Because it’s possible to download A Link to the Past onto a New Nintendo 3DS, I happily did so, and I ended up playing the game for the second time in six months.
After watching the Game Grumps playthrough of Zelda II (which was released in 1987), I now appreciate just how innovative A Link to the Past (released in 1991) truly is. Of course there are major benefits attached to working with 16 bits instead of 8 bits, but jumping from Zelda II to A Link to the Past is like jumping from the cinema of the 1910s to the cinema of the 2010s. Saying “the difference is incredible” is an understatement.
What immediately struck me when I launched the game was the color palette, which manages to be both charmingly pastel and brilliantly vibrant. The background music has mostly turned away from “catchy and repetitive” and shifted toward “unobtrusive and atmospheric,” and the sound effects, from the hefty swipe of Link’s sword to the wet squelching of his boots as he walks through puddles, are surprisingly well realized given the limits of the technology.
A Link to the Past is filled with unique and gorgeous details. When Link enters the Eastern Palace (the first dungeon), there are two large bronze monster statues staring back at him. Most players probably never spend more than sixty seconds in this room, but the decorative statues serve to establish the setting – an abandoned ruin where humans no longer walk – while building on the eerie ambiance created by the sonorous echoes of the background music.
There are a multitude of small touches like this in A Link to the Past, random glints of beauty that serve no other purpose than to deepen the world of the game. In Turtle Rock (the second-to-last dungeon), tiny black creepy crawlies skitter out of a newly opened doorway as if they’re desperate to escape a room that has been sealed shut for so long. Southeast of Lake Hylia, there is a creature resembling a Metroid floating in an isolated corner; and, when Link approaches it, it explodes into a swarm of baby Metroids. In the southern swamp, a purple rabbit(?) leaps in and out of the tall grass, and it will curse at Link if he cuts the grass out from under it as it’s jumping. At the base of a waterfall in the eastern foothills of Death Mountain, the king of the Zora will sell Link a pair of flippers, seemingly taking pride in the fact that they’re not cheap. In roughly the same location in the Dark World, a giant catfish sleeps at the bottom of a pool marked by a ring of stones, and it pops its head up and yells at Link if he throws something into its pond. None of these creatures appear anywhere else in the game, and they’re just five examples of the strange and wonderful things an adventurous player can uncover.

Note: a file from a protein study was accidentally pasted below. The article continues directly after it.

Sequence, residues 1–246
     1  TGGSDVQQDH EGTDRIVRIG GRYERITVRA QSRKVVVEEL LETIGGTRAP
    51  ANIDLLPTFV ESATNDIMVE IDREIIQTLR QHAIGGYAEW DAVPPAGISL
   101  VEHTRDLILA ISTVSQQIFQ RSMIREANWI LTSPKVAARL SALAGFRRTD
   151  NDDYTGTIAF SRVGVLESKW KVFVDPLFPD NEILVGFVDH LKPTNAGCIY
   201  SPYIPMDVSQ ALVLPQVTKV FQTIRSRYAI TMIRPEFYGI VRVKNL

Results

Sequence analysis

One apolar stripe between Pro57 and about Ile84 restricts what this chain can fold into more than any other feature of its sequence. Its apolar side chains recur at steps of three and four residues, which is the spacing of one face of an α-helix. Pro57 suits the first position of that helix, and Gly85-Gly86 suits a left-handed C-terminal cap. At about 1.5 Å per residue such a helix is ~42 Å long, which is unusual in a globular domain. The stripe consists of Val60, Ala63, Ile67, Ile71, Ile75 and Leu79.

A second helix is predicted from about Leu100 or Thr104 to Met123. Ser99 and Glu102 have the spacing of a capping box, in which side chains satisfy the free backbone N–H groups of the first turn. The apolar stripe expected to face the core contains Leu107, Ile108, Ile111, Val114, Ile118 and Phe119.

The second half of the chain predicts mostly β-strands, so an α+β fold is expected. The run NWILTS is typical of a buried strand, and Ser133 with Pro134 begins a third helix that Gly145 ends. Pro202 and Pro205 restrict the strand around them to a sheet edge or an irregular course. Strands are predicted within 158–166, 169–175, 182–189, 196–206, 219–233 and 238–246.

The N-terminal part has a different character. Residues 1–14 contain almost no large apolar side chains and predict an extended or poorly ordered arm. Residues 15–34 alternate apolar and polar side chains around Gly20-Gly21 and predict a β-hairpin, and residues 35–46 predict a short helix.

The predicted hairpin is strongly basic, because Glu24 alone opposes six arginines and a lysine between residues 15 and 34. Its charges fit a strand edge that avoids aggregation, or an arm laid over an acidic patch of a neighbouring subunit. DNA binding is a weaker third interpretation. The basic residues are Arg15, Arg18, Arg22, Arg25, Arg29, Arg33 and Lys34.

Shigeru Miyamoto has said that he envisioned the fantasy world of Hyrule as “a miniature garden that you can put into a drawer and revisit anytime you like” (source), and the message conveyed by the gameplay of A Link to the Past does in fact seem to be, basically, “Explore and you will be rewarded.”
A Link to the Past was the first Zelda game I played as a fully sentient being. A handful of critics have specified to A Link to the Past as the point at which the Zelda series started to turn away from its true potential as an open-world exploration simulator, but I think what these critics are missing (aside from the reality that different people enjoy different things) is that there are a lot of little kids playing the Zelda games. Whereas most adult gamers would see an irregularity in a wall and think, “Oh, I should try to bomb this spot,” a child who hasn’t been alive long enough to play that many video games is going to have to figure out the mechanics of the game environment for herself. If there are no hints at all, then the lauded exploration elements of the Zelda series may as well be nonexistent for many players.
My own experience as a baby gamer cutting her teeth on A Link to the Past was nothing short of transformative. Every time I played through the game I uncovered something new, and I truly believed that Hyrule was full of infinite secrets and endless possibilities. Like every Zelda game, A Link to the Past trains the player to look carefully and read closely, to pay attention to the world, to navigate by memory, and to try various solutions until something works.
There’s a pervasive pop culture trope that fictional geniuses like Sherlock Holmes are rare and special, but any good Zelda player employs similar methods of observation and deduction. Although I wouldn’t characterize myself as a particularly talented gamer, I still feel that A Link to the Past trained me to interact with the real world at a deeper level of engagement.
( Header image by Jay Epperson on Tumblr )